How Budget-Friendly Phones continue to drive digital inclusion in Africa
Budget-Friendly Smartphones are on a bullish streak in Africa. Thanks to the competition between Manufacturers to conquer the continent, Smartphones are now, and continue to be affordable than ever before.
As per a recent GSMA report smartphones makeup 39% of the 774 million mobile connections in Sub-Saharan Africa. This ratio is projected to grow significantly, but for Africans to fully reap the dividends of mobile connectivity, it is critical that 4G-enabled smartphone handsets have to rule the entry-level market.
Notable entry-level releases that have shipped 4G include Itel’s P36 Smartphone, Nokia’s latest C3, Realme’s C series among other brands. But all 4G tagged releases often go beyond regular entry-level pricing which doesn’t favor the demand Trend.
So, Smartphones must become cheaper if Africa is to unlock the full potential of its people. Fortunately, there are already encouraging signs that manufacturers, policymakers, and network operators are partnering to integrate such financial innovation into the drive towards digital inclusion.
In Kenya, Safaricom recently rolled out a device financing program, in partnership with Google and Teleone, allowing low-income earners in Kenya to access quality 4G phones at low installments from as little as Kshs 20 (R3) a day.
The country has a high mobile telephony penetration, but this has traditionally involved 2G phones. The campaign aims to bring a million more customers into the digital economy.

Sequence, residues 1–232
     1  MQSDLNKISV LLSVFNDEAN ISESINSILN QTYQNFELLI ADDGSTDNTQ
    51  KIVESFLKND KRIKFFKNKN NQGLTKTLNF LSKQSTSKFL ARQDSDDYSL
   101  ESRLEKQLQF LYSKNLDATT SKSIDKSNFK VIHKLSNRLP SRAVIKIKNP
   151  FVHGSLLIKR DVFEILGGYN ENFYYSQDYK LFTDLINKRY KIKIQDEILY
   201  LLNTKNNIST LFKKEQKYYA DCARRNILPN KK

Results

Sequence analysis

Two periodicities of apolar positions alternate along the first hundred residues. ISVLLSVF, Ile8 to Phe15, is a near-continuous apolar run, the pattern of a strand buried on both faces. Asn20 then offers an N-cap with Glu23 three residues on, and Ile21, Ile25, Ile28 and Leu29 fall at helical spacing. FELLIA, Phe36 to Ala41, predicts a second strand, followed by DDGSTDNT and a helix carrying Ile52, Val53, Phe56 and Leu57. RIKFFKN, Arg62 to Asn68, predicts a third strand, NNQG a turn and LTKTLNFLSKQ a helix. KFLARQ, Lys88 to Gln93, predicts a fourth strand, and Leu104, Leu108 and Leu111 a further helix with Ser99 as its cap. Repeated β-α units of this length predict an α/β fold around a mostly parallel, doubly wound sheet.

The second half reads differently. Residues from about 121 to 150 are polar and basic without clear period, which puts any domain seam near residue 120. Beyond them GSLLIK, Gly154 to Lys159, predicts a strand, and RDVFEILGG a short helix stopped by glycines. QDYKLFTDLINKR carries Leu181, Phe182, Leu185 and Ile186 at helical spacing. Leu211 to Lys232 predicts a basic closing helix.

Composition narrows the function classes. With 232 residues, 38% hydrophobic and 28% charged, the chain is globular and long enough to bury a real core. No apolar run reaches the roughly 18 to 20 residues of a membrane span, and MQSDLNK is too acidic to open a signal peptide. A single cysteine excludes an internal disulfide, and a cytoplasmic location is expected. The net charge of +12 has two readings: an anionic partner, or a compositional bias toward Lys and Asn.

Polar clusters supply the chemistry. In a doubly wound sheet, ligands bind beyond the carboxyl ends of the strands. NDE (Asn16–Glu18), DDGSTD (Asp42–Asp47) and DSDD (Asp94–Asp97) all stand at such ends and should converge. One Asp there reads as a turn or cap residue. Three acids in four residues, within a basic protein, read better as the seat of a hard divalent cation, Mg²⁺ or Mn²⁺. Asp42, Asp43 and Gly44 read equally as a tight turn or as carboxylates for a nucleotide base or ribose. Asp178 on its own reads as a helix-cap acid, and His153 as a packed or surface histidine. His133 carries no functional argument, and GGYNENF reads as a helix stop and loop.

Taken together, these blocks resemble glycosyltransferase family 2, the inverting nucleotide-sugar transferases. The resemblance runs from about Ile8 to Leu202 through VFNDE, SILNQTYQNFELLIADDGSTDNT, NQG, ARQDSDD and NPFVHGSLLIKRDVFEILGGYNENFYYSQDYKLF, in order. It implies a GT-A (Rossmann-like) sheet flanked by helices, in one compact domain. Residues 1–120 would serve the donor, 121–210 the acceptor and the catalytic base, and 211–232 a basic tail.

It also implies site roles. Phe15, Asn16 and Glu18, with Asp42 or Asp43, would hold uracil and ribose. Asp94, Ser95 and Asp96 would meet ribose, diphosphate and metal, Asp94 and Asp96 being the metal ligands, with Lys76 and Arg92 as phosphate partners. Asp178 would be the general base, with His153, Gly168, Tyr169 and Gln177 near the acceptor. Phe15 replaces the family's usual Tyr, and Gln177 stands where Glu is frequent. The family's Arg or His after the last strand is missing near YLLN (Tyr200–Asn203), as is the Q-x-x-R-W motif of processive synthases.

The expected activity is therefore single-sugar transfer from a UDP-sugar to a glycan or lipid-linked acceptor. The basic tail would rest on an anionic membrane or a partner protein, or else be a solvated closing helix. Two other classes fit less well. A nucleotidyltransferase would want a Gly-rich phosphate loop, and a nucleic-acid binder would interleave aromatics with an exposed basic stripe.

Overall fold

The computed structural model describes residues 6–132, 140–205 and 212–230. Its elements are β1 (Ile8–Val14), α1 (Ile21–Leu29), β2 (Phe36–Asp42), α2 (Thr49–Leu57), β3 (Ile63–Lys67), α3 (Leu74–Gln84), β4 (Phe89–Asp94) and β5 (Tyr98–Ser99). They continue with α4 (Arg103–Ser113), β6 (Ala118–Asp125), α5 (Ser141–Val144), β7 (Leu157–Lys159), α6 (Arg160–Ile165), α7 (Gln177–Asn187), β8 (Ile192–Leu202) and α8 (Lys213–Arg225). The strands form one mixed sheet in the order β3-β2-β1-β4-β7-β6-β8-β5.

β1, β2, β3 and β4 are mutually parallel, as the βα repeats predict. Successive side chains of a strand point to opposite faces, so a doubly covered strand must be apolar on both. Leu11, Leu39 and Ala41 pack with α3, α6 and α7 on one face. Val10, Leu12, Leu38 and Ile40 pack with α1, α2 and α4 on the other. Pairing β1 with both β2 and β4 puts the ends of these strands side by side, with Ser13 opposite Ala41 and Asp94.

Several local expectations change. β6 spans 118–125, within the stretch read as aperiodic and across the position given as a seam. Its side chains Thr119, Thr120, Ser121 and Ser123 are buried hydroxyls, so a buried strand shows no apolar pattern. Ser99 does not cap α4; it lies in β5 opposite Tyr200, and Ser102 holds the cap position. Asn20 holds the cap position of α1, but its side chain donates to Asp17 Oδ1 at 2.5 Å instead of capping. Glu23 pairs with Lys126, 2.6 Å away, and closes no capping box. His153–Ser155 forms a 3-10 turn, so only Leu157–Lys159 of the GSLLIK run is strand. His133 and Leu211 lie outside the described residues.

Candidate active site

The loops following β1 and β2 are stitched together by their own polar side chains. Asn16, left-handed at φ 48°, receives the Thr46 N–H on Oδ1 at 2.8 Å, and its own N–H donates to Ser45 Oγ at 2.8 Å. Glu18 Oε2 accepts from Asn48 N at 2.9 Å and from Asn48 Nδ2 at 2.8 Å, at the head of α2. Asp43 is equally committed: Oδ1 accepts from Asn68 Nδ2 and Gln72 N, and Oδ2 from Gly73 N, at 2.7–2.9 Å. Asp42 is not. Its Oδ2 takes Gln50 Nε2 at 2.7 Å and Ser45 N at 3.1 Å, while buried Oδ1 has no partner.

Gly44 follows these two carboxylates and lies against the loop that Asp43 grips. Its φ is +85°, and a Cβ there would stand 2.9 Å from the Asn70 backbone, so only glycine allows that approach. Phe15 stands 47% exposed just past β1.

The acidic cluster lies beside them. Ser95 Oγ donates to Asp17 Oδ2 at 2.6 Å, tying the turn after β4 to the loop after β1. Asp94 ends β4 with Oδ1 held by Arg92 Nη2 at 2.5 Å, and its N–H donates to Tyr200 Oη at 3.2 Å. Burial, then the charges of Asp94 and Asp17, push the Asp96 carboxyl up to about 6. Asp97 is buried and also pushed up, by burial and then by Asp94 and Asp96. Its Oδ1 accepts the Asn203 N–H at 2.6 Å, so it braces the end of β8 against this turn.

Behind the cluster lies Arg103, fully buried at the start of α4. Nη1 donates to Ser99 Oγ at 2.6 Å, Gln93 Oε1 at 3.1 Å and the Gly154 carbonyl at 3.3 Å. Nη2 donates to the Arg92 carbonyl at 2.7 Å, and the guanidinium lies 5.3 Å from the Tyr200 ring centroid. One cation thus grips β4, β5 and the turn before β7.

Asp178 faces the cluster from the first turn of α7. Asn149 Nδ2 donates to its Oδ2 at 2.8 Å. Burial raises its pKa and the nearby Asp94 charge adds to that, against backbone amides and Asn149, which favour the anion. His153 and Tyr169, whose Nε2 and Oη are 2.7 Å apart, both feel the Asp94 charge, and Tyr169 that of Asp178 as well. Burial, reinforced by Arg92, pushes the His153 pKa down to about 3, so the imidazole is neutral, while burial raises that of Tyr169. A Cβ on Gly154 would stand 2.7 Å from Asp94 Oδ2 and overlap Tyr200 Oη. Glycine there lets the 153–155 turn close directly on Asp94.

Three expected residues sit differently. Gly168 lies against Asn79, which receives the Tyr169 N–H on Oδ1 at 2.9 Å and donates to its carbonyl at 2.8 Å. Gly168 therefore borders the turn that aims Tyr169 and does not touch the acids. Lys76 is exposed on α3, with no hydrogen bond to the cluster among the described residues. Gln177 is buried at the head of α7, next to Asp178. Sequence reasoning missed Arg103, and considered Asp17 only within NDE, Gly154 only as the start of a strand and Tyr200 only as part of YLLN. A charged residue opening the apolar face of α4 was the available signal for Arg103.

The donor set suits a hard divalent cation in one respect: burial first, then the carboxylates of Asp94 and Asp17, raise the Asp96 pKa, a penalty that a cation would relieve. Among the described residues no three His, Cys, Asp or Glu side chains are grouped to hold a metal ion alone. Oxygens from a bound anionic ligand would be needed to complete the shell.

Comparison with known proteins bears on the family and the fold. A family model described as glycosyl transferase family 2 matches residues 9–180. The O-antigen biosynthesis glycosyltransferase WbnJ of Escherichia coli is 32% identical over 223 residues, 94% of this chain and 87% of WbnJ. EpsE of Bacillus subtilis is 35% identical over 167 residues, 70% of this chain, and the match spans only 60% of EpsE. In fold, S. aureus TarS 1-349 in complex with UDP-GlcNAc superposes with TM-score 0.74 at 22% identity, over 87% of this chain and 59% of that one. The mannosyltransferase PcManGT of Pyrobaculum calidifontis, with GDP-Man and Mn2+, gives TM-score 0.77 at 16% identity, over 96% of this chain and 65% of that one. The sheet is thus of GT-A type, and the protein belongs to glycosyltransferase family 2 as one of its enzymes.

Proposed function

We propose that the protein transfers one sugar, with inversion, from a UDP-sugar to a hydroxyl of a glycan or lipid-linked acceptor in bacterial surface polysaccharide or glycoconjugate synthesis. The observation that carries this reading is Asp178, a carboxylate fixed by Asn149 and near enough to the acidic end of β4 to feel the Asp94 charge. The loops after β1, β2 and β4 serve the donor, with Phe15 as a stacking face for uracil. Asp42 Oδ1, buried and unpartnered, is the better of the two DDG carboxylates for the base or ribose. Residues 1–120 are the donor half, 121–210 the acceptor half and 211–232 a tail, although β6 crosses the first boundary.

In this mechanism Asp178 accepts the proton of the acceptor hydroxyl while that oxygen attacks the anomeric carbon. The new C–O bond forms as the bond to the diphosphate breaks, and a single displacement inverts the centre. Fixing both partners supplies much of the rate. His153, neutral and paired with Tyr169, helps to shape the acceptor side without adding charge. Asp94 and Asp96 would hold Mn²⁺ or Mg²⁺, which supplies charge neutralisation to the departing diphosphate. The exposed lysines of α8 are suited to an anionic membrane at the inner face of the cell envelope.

Airtel Africa has expanded 4G adoption on the continent with its charming data offers increasing average data use, with 4G now accounting for more than 60% of its data revenue. Likely, MTN Group which ranks as the gigantic provider in the region has availed similar offers with full 4G coverage in its Sub-Saharan Markets.
However, one of the most effective means of encouraging smartphone adoption is reducing the tax burden on mobile phones in the form of import duties and sales taxes. In this context, policymakers have a powerful role to play in empowering citizens with easier access to digital connectivity.
As smartphones become the norm, broadband spectrum can follow suit, and network operators can swiftly transition to 4G and 5G based platforms, with all the high-speed, mass-connectivity benefits that brings.
Perhaps the simplest way to hasten the digital inclusion rate is by triggering change in our understanding of the state of 4G handsets in Africa. Once Smartphones are seen as a commodity, communication tools, a basic right, instead of Luxury, they can be marketed, and taxed accordingly thus connecting all of humanity to the fast-paced digital world.